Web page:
# Power delivered to a Resistor is $V^2/R$. Does size of battery matter?

I had connected a thin Resistor wire to series combination of six coin cells or to a small sized 9V battery. The wire got hot in a normal way BUT when I connected the same resistance wire to a large sized 9V car battery, rate of heat production was very large and the resistance wire got blown off. Now I wonder in fundamental physics course when we come across the equation for power $$P= V^2/R$$, there is nothing which hints towards this observation. So someone please let me know how to explain this observation.

• Careful definition of symbols is important. $V$ is not the battery voltage. Consider reviewing Ohm's law and internal resistance. Commented Dec 7, 2023 at 4:58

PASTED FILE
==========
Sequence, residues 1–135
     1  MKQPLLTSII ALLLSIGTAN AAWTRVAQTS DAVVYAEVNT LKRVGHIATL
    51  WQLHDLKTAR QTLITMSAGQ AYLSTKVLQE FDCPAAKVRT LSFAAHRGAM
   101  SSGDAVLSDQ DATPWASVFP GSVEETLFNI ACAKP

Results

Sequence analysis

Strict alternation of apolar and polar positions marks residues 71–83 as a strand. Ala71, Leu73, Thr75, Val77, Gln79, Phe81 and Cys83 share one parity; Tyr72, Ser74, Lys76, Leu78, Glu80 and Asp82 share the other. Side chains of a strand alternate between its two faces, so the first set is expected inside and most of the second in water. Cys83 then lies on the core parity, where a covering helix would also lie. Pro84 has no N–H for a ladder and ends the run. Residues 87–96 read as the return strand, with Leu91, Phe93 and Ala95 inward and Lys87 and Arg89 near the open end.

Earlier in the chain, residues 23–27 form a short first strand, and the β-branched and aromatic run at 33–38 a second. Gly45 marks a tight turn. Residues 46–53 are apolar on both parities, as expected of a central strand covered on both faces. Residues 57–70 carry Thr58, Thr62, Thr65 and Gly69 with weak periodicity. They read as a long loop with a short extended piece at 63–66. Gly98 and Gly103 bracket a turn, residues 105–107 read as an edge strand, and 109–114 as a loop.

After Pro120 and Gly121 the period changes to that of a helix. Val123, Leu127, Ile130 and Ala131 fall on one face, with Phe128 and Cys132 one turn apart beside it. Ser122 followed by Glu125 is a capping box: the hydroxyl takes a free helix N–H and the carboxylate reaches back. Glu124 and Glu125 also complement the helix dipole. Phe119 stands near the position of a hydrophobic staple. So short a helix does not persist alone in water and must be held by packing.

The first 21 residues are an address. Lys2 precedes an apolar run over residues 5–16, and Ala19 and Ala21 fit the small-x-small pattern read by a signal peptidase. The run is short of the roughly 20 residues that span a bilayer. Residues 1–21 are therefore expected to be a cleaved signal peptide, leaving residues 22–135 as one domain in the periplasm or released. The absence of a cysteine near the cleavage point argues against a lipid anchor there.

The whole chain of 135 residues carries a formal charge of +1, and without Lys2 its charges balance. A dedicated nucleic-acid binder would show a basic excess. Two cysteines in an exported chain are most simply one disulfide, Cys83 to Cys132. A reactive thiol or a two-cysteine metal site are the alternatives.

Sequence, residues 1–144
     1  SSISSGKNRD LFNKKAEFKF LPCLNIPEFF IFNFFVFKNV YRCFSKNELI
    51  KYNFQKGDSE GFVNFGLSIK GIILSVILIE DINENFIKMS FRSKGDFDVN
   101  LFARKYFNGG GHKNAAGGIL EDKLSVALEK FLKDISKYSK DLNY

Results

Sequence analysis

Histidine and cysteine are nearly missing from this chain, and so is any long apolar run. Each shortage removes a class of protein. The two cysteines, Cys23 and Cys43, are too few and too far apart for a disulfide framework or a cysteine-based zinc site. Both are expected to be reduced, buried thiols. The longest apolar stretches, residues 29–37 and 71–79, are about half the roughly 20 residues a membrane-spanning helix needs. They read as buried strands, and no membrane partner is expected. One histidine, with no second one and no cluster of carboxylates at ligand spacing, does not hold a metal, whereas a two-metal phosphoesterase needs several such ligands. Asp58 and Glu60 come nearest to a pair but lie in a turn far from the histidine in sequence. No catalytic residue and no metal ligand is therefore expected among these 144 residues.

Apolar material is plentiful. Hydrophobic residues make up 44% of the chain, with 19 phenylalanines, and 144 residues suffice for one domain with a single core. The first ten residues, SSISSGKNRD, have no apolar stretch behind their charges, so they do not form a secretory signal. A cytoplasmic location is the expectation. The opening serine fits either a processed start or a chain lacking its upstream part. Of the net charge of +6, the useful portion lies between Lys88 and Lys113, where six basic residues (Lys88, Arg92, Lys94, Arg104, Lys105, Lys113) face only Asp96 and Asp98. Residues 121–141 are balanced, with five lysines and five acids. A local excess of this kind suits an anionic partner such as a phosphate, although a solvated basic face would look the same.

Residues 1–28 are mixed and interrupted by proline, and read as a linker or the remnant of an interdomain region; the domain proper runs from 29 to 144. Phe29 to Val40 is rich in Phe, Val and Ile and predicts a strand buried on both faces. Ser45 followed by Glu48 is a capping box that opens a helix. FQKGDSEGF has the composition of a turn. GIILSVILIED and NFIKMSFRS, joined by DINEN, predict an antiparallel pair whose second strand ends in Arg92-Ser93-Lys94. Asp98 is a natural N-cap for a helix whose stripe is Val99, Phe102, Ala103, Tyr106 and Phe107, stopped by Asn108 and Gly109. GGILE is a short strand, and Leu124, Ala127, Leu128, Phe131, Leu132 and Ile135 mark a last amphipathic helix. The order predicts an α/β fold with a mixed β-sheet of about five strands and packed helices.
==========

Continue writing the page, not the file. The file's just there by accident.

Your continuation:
$$V$$ in the equation $$P=V^{2}/R$$ is the voltage across the resistor terminals, not the battery voltage. The battery voltage is the voltage measured across the battery terminals with nothing connected to the battery, a.k.a the open circuit voltage or battery emf, not the voltage across the resistor. That's because all real batteries have internal resistance which causes a voltage drop inside the battery when current is draw by the resistor connected to the battery.
In the figure below $$r$$ is the internal battery resistance, $$E$$ is the battery emf, $$R_L$$ is the load resistor (your wire) and $$V_T$$ is the terminal voltage across the load resistor. The power dissipated in the load resistor is $$P=V_{T}^{2}/R_L$$
For small batteries $$r$$ is much greater than $$r$$ in large batteries, like car batteries. That makes the voltage drop across $$r$$ in a small battery much greater than a large battery, resulting in $$V_T$$ being less for the small battery and less power dissipated in the load resistor. That's why your wire got so much hotter when connected to the car battery than the combination of coin cells.